2. James T. Shotwell and K. Dealt, Turkey at the Straits. (London) 1940.1.
  3. Joseph de Somogyi, “The question of Turkish Straits’, in journal of Contral European Affairs. (Washington D.C.) XI. October 1981. No: 3.278.
  4. İbid. 279.
  5. İbid. 281.
  6. Neculai Dascovici, La question du Bosphore el des Dardanelles. (Geneve, Georgea Cie, Libraires de l’Université, 1915) p. 44.
  7. İbid. p. 44.
  8. İbid. pp. 60-61.
  9. Vernon John Puryear, England Russia and the Straits Question, 1844-1856 (Berkeley California, University of California Press, 1931) preface, xi.
  10. Shotwell and Deak, Turkey, 9-10.
  11. George C.Mc.Ghee, The speech given by American Ambassador at The Inauguration of the Turkish-American University Association, in News from Turkey, (New York, 1948) V. No: 16.
  12. Brierly, op. cit. p. 171 ; Emest nys, Le Droit International, (Bruxelles: Alfred Cas- taigne, 1904) pp. 459-460; L. Oppenheim, International Law (London: Longmans, Green and Co. 1937) pp. 403-406; Robert Phillimore, Commentaries on International Law (Philadelphia: T. and J.W.Johson, Law Book Sellers, 1854). I. pp. 172-178 John Westlake, International Law, Part I, Peace (Cambridge The University Press, 1904), pp. 193-196; Henry Wheaton, Elements of International Law, 6 th. English ed. (London: Stevens and Sons. Ltd, 1929) pp. 377-380.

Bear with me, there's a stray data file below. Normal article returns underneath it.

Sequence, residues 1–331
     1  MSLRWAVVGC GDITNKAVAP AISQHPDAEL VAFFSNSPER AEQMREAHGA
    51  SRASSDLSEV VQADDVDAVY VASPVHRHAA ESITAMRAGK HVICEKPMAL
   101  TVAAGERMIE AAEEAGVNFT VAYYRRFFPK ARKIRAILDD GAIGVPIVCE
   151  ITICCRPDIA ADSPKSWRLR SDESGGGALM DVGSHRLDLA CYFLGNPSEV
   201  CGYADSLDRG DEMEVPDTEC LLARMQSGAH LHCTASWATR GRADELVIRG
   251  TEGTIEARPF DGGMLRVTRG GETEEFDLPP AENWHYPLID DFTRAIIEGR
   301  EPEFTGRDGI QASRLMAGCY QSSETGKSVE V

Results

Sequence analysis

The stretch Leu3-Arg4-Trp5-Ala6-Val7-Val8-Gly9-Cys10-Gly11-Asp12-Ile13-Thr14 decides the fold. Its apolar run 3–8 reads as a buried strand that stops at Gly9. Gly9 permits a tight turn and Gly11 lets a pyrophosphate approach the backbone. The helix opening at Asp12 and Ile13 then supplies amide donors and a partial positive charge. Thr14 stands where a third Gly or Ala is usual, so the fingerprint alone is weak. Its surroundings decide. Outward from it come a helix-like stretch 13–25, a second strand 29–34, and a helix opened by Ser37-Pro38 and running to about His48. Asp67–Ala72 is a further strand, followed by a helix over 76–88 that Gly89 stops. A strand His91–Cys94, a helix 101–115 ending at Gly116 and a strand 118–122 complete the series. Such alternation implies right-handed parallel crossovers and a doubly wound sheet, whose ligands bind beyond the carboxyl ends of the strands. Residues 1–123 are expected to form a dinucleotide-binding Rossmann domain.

13. Cemil Bilsel, The Turkish Straits in the light of Recent Turkish-Soviet Correspodence American Journal of International Law, XLI (1947) p. 737.
  14. ibid.